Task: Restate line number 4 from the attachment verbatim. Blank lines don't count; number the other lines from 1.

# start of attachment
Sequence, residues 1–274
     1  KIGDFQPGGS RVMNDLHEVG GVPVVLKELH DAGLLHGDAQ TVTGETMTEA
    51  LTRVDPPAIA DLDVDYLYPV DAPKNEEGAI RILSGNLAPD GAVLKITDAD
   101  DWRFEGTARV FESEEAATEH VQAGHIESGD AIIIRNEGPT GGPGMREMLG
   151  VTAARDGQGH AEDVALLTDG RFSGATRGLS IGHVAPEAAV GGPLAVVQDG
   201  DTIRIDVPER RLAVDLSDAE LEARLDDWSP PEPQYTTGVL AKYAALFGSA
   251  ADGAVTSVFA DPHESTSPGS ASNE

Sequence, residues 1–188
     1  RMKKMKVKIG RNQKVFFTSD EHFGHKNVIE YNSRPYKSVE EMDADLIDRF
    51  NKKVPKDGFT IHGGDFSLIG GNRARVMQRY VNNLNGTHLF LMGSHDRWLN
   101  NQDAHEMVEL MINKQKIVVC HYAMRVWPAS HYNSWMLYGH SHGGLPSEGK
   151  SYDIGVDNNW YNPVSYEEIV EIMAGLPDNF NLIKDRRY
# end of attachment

   101  DWRFEGTARV FESEEAATEH VQAGHIESGD AIIIRNEGPT GGPGMREMLG